News of the day: I have an asthma doctor appointment at 1 p.m. today. I tried to explain that my lungs are far less important than my 1 p.m. chat, but my doctor suggested that breathing is necessary when giving rational advice. She has a point.
For that reason, we'll be chatting at 1 p.m. tomorrow. I hope that doesn't mess with anyone's lives. My lungs thank you.
And ... Love Letters party June 4. Please save the date.
Q: Hope you can help me get some clarity in my relationship. Iíve been dating a girl who I will call Lisa for about six months now exclusively.
Lisa is someone I briefly dated about a decade ago. We are both in our 30s now. Both of us have been married before, both of us have fulltime jobs and kids.
She and I connect in many ways and we both feel like a future together is very possible. My question to you and your reader is this:
We live several towns away from each other. We only see each other once every 10 days or so, but we talk daily. Our intimate relationship is almost nonexistent.
At the beginning of most relationships it tends to be hot and heavy. This one has been the opposite.
My mind tells me that this is not normal and could only get worse, but my heart tells me Lisa could be the woman for me.
We've have talked about this problem recently and she says that she has a busy hectic life. She wants to let things develop slowly because she sees us working out. I also have a hectic lifestyle but could always find time.
Am I being impatient? Or does love really takes time to develop the older you get?
– Paul, Andover
A: Six months. Almost nonexistent? I wish I knew what you meant by almost, Paul.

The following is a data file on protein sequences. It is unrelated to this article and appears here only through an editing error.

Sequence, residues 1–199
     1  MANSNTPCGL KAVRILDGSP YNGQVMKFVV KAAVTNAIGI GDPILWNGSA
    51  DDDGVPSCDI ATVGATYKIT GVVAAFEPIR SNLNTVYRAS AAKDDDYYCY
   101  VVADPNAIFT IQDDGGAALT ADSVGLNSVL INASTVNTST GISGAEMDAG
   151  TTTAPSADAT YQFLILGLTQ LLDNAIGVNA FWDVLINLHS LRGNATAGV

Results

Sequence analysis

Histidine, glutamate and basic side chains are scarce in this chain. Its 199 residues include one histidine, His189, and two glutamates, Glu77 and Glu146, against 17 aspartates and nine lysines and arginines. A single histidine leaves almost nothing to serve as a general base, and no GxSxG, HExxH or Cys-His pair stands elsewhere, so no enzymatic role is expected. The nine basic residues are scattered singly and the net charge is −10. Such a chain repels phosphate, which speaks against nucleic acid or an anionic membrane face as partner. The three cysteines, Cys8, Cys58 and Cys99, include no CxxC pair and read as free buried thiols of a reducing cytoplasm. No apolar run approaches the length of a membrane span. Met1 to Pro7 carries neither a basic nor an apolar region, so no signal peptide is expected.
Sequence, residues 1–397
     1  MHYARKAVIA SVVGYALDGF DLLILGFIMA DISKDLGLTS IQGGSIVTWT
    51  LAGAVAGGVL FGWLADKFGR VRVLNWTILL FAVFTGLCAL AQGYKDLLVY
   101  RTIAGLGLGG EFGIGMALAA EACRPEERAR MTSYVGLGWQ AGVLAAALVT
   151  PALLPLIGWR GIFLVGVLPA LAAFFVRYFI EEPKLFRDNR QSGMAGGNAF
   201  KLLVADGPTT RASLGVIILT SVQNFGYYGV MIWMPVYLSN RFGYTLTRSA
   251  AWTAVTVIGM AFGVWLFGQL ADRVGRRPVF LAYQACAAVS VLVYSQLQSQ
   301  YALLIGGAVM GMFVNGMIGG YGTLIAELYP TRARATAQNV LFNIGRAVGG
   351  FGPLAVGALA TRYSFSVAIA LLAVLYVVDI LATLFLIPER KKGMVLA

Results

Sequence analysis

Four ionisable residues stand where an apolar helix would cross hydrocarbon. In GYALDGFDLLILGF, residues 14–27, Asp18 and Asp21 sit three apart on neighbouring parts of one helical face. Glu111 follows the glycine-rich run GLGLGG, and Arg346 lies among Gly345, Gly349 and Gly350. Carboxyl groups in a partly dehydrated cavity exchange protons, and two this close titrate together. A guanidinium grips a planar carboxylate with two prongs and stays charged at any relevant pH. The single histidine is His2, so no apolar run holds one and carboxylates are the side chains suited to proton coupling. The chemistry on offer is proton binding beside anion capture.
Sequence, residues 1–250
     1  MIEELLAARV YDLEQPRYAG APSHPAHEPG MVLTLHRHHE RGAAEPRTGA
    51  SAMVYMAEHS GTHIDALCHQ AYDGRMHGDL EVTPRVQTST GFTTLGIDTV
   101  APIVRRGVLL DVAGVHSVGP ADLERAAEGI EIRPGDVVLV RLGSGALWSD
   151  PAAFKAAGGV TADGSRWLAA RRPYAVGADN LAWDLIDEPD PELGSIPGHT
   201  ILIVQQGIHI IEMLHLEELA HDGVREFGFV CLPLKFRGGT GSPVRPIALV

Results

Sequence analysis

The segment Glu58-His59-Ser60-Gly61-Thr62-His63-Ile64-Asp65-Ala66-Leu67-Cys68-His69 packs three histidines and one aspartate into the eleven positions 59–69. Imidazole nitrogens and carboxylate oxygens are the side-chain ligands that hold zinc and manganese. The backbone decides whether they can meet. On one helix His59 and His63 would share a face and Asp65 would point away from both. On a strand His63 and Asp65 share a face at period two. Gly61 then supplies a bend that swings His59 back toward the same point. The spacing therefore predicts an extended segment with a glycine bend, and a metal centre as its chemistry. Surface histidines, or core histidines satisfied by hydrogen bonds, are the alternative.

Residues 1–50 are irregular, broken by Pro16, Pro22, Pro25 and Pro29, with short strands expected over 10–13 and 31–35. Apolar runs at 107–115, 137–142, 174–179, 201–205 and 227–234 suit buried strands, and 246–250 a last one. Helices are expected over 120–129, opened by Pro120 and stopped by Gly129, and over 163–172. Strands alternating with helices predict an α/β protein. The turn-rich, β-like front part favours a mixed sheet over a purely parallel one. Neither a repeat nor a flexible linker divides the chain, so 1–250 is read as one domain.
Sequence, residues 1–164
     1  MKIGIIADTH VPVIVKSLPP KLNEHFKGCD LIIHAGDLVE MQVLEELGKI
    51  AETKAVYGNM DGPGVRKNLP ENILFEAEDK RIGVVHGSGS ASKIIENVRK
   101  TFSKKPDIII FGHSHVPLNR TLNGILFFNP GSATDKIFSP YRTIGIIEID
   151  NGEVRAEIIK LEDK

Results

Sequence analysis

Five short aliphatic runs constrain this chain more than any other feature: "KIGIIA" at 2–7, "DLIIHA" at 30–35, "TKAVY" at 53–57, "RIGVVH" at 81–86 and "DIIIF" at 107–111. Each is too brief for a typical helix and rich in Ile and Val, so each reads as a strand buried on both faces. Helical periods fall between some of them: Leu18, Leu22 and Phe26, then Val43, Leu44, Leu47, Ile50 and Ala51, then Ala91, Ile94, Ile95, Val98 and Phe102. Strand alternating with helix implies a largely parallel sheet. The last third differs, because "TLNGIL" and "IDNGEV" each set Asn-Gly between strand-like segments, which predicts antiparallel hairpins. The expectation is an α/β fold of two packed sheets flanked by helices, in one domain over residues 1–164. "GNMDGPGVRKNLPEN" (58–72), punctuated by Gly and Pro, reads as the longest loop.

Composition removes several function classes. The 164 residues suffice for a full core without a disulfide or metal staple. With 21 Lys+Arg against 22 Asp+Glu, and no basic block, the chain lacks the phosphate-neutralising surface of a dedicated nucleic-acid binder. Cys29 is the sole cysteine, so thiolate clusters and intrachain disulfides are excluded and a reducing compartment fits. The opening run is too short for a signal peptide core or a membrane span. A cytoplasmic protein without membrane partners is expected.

Not all relationships are hot and heavy in the beginning. When people have been hurt, when they're balancing kids and work on their own, the beginning can be slow and cautious.
On the other hand, you're both quite young. I might argue that the perfect anecdote to a busy, stressful, single-parent lifestyle is a nice evening out with an understanding significant other. I'm wondering why she isn't more confident and relaxed after six months.
My big issue is the lack of regular interaction. You only see her every 10 days? That's not very often after six months. If you're both thinking that this could be something more, you're going to have to spend more time together. And if you do, you'll get a better sense of whether the lack of physical intimacy will continue if you become a bigger part of her life.
My guess -- and this is a very blind guess -- is that after a failed marriage, she's emotionally exhausted. She cares for you but wants to keep it safe. She's trying to prolong the beginning of this relationship to avoid the messy stuff that comes after.
Or maybe she has stress about you becoming involved with her kids. If so, she needs to come up with a plan for having a personal life and parenting at the same time.
You must explain that only seeing each other every 10 days after six months isn't getting anybody anywhere. You both deserve to know if this will work, and you're willing to put in the time and energy into finding out. If every 10 days is all she can offer, your head is probably right. This can't grow unless she wants it to.
Readers? Is every 10 days not so uncommon when kids are involved? Am I right to say that discussing the frequency of visits is more productive than discussing the physical intimacy? How slowly is love supposed to grow? Discuss.
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Meredith Goldstein is a Boston Globe columnist who follows relationship trends and entertainment. She offers daily advice on Love Letters — and welcomes your comments. Meredith is also the author of "The Singles," a novel about complicated relationships. Follow Meredith at www.meredithgoldstein.netand on Twitter. Love Letters can be found in the print edition of The Boston Globe every Saturday in the G section.